You’ve likely been asked about your New Year’s resolutions for the past couple of weeks, but how about incorporating your favorite being in those good intentions? This year, try dedicating time to a few of these resolutions and rest easy knowing you’ll be benefiting your dog this year and beyond.
I will learn to listen. It’s been proven that your pooch understands your body language and tone but how well do you understand his? This year, make learning your dog’s body language a priority. Figure out what his habits, interests and fears are. If your pup indicates that he’s afraid of something, listen. Don’t force him into situations that make him uncomfortable. Remember: your dog’s behavior problems could be telling you something important.
I will not feed my dog table food. Commercial dog food is formulated specifically to give your dog all the nutrients he requires. Table scraps, however, can cause serious health problems in your pet. Feeding your pooch people food is the number one behavior contributing to weight gain in most dogs, including diabetes and fatty liver. Have a heart and just say no!
I will adopt a regular exercise routine. Dogs love the thrill of chasing a ball; just don’t tell them it’s exercise! Experiment to see what really gets your pup going!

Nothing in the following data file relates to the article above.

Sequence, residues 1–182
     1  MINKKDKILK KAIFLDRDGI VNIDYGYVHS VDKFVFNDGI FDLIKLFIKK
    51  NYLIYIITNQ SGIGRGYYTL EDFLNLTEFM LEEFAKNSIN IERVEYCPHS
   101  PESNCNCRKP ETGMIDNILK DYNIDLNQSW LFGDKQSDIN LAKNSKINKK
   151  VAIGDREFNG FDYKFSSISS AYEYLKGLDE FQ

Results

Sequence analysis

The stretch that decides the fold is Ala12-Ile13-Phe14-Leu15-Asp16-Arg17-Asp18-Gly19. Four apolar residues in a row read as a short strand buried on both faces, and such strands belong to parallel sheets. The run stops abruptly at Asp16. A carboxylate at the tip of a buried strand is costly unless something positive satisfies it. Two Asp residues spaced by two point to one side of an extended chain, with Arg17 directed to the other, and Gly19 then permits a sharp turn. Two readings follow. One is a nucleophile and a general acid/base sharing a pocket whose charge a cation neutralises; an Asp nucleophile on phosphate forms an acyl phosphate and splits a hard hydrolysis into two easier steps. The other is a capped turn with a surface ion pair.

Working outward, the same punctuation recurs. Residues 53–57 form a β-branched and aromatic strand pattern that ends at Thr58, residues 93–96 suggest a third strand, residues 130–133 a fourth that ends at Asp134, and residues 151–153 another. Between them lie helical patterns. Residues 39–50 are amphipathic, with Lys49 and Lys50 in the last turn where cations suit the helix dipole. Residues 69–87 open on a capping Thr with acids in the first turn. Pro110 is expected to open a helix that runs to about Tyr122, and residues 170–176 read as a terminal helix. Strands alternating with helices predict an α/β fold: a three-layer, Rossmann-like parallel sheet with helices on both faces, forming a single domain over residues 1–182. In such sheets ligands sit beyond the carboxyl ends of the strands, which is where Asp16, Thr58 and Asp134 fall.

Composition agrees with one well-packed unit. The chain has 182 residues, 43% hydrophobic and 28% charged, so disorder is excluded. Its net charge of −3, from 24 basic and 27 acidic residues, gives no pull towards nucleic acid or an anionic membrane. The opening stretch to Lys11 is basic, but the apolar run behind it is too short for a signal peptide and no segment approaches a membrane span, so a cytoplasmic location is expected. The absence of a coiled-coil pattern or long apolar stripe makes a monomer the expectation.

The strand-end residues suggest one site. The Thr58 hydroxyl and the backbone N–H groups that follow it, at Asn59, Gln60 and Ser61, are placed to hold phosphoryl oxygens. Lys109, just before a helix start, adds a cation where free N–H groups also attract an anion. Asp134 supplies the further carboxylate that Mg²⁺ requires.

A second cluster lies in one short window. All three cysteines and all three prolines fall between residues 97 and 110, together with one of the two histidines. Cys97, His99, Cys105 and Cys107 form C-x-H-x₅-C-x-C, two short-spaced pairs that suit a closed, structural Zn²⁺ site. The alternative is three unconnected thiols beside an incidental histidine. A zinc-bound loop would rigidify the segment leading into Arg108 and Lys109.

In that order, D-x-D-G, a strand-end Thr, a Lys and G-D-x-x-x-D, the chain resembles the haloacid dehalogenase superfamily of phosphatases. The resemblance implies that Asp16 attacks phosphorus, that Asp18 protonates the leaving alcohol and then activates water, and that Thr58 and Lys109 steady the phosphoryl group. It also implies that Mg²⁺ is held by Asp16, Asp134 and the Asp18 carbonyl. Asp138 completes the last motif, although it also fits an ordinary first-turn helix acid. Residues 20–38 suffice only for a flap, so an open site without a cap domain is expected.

I will exercise my dog’s brain. Of course, physical exercise is important for a well-rounded, well-behaved dog. But did you know that mental exercise is even more important? When going for a walk, let his nose lead the way and let him stop and sniff as much as he wants. All the fascinating smells will engage his brain and wear him out.
I will make grooming a daily habit. Brushing your dog removes excess fur (reducing the amount you find on your clothes and furniture), helps distribute oils from the skin to the fur and keeps the coat shiny and healthy. Lastly, daily grooming is a bonding activity that show your dog just how much you love him!
I will practice good oral hygiene. Daily toothbrushing is the best way to keep tartar and plaque at bay – just be sure you are using a toothpaste specifically made for dogs. Water additives, dental diets, and treats designed to reduce tartar can also be a helpful tool in keeping teeth clean. Even with your rapt attention, regular vet cleanings are the best way to keep tarter at bay and ensure your pup’s dental health far into old age.
I will choose an appropriate diet. Your aging pooch has specific nutrient needs to ensure their bodies stay healthy and strong. Some senior pets may have lower energy requirements, but have other medical issues like arthritis or liver issues that may be helped with the appropriate diet. Choosing a diet specifically tailored to your pet’s life stage is a great way to keep them in optimal health. Check with your vet for a diet that’s right for your pet.